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Dishonored is one of those games that fell into my ‘i might try it just to take my mind off AC 3’ category, but eventually it fell into the ‘wow i can’t remember what i was trying to take my mind off of’ category, so cast your gaze towards the rest of this review to find out how i categorize things..


Dishonored’s story is a very dull one at first, you are Corvo Attano, bodyguard of the Empress of Rat City, or Dunwall (as i am told) and her daughter who is weirdly very fond of you. After returning from who knows where, Corvo gets an unexpected welcome from a bunch of gas mask guys who kills the empress and kidnaps her daughter, little Emily. So, long story short, you got framed and now you’re gonna have to find who killed the Empress and clear your name. While the story is well paced, has some very memorable moments, gets interesting towards the end, and feature multiple endings, it is overshadowed by the story of the place you’re placed in, Dunwall. Dunwall is a living world, when you journey on your quest of revenge, you will find a ton of conversations, notes, books, etc, these offer you a little backstory on the game’s world, and how terrible the rat plauge has consumed this horrid city. For example, you might find yourself in an apartment while searching for one of the collectible runes, after you find it, you see a note laying beside it, you find out the guy who lives here just killed his brother and how he found the rune, after searching the room, you actually find a corpse, and it’s those small details that makes you feel that Dunwall is truly alive and has a story of it’s own.

Gameplay in Dishonored, isn’t really stealth, or action, or anything else for that matter, it’s a ‘play your way’ game, but it is in first person. You are given a target, you are left by the harbor and the rest is up to you. How you approach your target’s location, and how you get rid of your target is all up to you. The beauty of this is that it’s all wonderfully planned out, you are given the routes and the way to kill you’re target just like that, i give a big fat thumbs up to the level designer, because even though the path is already served, it doesn’t plainly say, go here, do this, pull that, it always feels unpredictable, and makes you want to experiment, it makes you grin in satisfaction as you approach a guard and think about the millions of possibilities to get rid of him. You are obviously given some radical tools for your sick experiments as well, these include a retractable blade, a crossbow and a pistol, with multiple bullets, grenades, spring razors, rewire tools, and even some gnarly supernatural abilities, ranging from teleportation, to bending time, and even summon a swarm of rats. The usefullness of these tools are dependent on how you play Dishonored, if you’re gonna go all stealthy and be a pacifist, chances are you’re never gonna use your pistol or most of your powers, the only useful ones are gonna be, a choke hold, sleep darts, Blink, and Dark vision.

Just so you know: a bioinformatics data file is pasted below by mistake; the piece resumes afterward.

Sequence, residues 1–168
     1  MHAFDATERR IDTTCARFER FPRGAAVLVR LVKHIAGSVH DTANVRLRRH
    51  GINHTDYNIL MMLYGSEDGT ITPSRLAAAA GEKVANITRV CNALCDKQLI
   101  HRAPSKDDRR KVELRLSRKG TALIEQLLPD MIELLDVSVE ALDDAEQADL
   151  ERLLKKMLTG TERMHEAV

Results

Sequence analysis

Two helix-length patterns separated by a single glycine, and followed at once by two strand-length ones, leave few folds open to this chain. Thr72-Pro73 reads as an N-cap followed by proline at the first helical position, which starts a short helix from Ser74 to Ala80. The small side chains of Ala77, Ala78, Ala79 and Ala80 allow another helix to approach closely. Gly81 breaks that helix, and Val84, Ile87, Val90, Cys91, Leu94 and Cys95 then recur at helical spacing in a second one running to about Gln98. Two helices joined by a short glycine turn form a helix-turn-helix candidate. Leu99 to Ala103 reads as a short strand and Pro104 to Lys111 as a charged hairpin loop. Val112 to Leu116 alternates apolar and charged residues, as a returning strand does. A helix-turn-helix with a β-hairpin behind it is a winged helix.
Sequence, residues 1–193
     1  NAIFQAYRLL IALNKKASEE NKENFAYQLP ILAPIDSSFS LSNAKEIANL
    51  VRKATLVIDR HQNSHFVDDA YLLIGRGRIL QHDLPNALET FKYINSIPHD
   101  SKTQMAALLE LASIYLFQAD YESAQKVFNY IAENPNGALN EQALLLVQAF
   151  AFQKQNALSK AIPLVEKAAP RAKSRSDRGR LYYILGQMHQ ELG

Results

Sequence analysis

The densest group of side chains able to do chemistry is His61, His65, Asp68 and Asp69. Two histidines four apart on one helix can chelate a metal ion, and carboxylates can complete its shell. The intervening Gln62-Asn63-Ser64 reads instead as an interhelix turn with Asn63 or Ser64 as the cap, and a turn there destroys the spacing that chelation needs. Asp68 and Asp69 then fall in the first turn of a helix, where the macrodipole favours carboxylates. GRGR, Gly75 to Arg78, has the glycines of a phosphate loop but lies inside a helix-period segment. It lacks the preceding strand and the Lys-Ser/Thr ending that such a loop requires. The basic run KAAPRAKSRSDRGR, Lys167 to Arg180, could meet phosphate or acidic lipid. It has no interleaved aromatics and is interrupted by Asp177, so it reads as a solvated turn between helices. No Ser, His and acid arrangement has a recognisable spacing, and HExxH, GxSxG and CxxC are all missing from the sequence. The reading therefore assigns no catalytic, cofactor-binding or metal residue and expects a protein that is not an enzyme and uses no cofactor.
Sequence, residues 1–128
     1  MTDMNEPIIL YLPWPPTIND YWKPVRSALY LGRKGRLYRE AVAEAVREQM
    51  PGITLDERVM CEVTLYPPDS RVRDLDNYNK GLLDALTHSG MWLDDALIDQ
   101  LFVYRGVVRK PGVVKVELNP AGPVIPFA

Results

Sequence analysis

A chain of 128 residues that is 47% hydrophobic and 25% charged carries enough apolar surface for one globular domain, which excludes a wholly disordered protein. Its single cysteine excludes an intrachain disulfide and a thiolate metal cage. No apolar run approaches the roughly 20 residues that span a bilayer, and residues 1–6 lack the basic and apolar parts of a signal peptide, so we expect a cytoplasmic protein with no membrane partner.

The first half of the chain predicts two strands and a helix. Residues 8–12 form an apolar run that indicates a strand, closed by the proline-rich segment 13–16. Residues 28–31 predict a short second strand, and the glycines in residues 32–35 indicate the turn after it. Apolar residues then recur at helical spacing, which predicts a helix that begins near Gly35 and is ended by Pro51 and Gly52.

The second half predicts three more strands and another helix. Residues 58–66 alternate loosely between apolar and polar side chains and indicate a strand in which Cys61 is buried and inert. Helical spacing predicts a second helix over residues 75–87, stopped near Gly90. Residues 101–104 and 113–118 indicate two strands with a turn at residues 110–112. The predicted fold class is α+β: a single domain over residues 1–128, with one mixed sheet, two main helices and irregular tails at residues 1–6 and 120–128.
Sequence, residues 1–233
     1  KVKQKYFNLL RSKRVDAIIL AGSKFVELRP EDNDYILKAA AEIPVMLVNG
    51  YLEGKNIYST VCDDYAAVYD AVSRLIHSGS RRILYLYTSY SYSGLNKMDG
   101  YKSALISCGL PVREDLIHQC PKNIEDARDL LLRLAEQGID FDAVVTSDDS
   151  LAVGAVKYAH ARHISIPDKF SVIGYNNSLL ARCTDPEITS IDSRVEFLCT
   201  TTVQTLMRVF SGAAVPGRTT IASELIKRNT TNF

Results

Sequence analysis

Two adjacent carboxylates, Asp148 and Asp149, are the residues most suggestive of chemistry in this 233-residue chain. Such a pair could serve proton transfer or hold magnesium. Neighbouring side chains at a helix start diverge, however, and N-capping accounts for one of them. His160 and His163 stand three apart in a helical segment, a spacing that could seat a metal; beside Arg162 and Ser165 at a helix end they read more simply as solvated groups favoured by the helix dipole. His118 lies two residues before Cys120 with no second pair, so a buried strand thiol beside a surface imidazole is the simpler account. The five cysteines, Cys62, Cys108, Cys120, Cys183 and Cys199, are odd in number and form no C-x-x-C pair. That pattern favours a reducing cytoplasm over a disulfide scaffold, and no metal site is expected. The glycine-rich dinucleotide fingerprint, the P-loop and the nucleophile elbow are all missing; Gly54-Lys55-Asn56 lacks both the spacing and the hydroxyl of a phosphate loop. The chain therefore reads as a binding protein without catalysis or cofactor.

The Graphics in Dishonored, in my opinion, is actually pretty good. Okay, it’s not Battlefield 3 gorgeous, but it’s not Minecraft ugly either, the graphics are sharp and in your face, coupled with the unique and original art direction plus the amazing power of the Unreal Engine, it provides solid graphics with even solid’r Frame rates.

The soundtrack in Dishonored will always haunt you in your sleep, i know it did for me, it’s gruesome, dark, and scary, it compliments Dunwall really well, plus the voice acting is top notch.


Dishonored is one of those games that just says ‘F this i’m gonna be myself’ and it’s with that originality comes it’s beauty. Dishonored won me over with it’s play your way gameplay, highlighting the importance of choice and consequence, that might match up against Mass Effect in it’s category, it’s multiple path ways filled with mistery, and secrets just waiting to be discovered, where each mission is a maze and each guard is an experiment, and everything goes the way you want it too, there’s a reason Corvo doesn’t talk, it’s because you.